Success signals second round of strikes

Wednesday’s strike action, which saw hundreds of local public sector workers take to Kingston’s streets, could be intensified in January.

Organisers estimate the march, which began outside Kingston University, Penrhyn Road, and the subsequent rally in Eden Street, attracted up to 600 people. They are hopeful that yesterday’s action paved the way for a larger day of action in January.

Matthew Smith, of Kingston GMB, said: “The Kingston area isn’t traditionally known for its cross-union work but today people from all across Surrey came together with a voice of frustration.

“We now hope to carry out a more sustained campaign with another one day, or maybe a two day strike, in January. The government are not going to back down over one day.”

One speaker also noted the change in attitude of traditionally conservative Surrey residents as they addressed issues of funding during austerity.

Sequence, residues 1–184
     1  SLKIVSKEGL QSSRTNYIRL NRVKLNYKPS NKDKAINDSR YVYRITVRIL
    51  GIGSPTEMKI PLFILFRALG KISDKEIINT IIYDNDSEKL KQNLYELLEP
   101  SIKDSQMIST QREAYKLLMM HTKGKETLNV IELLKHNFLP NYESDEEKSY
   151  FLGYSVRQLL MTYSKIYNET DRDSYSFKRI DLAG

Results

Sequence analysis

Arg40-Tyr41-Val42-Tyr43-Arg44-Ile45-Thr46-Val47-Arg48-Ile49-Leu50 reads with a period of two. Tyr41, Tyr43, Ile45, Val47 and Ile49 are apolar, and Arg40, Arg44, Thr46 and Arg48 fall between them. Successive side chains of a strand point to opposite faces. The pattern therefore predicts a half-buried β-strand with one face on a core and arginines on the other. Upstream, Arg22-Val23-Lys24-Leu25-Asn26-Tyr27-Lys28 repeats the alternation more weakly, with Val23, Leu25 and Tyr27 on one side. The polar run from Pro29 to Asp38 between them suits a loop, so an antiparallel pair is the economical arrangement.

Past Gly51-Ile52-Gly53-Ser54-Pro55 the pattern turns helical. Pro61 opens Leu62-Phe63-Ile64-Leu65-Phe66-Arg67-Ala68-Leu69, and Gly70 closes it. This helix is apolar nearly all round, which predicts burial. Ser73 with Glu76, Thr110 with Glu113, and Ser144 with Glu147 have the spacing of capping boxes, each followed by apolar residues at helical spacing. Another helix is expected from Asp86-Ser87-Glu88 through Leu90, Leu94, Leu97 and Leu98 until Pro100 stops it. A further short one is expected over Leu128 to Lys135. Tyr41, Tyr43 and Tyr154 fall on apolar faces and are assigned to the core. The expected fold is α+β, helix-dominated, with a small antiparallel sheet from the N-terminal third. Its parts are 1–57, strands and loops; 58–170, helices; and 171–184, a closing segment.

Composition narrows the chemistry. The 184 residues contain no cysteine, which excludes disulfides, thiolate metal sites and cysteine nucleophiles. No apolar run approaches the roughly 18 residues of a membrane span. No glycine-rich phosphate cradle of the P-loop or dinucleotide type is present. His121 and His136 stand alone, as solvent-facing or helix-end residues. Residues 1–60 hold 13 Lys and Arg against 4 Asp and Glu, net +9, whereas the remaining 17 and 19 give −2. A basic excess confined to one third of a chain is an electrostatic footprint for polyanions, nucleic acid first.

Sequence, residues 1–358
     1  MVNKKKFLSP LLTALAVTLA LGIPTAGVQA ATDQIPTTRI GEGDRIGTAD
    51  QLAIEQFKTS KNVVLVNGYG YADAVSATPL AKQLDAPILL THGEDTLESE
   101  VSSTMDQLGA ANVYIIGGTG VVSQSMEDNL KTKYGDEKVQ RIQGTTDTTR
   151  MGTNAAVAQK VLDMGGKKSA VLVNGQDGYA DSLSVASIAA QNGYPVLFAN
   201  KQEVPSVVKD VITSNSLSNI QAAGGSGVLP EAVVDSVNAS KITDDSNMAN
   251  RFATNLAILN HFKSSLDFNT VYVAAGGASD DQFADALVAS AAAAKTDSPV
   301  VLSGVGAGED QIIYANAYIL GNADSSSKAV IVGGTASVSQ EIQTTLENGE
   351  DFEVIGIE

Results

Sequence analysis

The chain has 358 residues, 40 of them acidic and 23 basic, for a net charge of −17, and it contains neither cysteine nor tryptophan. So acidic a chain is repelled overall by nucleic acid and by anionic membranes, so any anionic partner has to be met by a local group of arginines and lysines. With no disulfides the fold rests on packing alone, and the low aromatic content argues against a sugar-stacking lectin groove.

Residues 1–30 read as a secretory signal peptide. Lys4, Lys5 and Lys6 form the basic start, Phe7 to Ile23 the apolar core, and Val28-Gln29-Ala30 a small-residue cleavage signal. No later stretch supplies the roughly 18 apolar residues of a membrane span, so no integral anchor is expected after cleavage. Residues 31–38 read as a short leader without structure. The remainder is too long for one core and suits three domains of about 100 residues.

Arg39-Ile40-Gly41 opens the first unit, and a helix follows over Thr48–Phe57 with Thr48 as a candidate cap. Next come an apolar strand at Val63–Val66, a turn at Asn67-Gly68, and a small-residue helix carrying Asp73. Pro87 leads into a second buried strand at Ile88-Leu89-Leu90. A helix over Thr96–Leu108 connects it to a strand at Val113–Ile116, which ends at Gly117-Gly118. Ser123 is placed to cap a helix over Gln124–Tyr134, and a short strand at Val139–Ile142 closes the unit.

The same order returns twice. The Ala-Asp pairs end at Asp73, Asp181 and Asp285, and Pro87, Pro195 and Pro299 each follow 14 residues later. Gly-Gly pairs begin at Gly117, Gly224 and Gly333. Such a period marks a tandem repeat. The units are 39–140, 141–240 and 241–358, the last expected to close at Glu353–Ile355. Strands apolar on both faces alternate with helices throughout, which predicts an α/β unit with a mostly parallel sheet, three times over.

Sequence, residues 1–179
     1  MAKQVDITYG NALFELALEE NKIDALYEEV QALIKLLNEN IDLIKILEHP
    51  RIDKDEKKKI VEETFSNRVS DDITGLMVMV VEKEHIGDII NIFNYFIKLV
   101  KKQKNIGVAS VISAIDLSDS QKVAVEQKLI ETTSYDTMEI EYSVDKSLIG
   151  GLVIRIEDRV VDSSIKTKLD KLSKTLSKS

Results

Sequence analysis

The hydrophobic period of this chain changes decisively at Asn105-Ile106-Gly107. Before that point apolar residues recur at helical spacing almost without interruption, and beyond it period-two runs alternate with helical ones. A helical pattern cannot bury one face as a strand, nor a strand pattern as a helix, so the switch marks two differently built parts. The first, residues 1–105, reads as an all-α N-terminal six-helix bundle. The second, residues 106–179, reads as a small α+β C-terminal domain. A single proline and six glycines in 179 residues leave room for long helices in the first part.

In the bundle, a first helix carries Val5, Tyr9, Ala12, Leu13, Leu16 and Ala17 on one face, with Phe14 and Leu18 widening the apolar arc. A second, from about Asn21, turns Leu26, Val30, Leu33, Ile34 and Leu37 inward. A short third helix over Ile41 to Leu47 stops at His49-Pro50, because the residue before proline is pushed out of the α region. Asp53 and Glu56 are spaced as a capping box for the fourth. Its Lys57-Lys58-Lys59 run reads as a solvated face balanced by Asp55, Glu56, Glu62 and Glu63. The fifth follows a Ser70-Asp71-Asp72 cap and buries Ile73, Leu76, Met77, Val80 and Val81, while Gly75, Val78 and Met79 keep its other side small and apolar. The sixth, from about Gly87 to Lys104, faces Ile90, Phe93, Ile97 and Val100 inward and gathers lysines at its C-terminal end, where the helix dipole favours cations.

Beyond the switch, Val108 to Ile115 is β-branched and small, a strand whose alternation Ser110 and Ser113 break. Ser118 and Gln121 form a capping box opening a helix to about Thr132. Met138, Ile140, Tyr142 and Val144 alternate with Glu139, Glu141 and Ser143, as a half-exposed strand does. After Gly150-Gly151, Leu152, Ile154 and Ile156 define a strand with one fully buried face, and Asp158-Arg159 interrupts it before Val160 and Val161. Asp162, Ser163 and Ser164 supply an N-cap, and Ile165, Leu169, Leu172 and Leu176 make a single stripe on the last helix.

Standing on a make-shift podium, the Unison member said: “They call this sleepy Surrey, but we’re not sleeping today, are we?”

Strikers were unhappy that under new government plans, public sector workers will have to work for longer and pay more into their pensions. Many were also angry about the effect that cuts to public funding are already having on Kingston services.

A retired teacher attended as part of the Kingston Anti-Cuts Group, an organisation campaigning against government cuts and the affect they have had on the local area.

She said: “My pension is okay at the moment, but I am one of the lucky ones. I’m here to represent the young teachers, nurses and all the other public sector workers who are losing out.”

Her husband, also a retired public sector worker, said: “We are here to show solidarity with everyone else.”

Both agreed that “ongoing” pressure is what is needed if their point is to get across to the country’s decision makers.

Kingston GMB hopes to join forces with other trades unions, such as the RMT, for another set of coordinated country-wide strikes in January.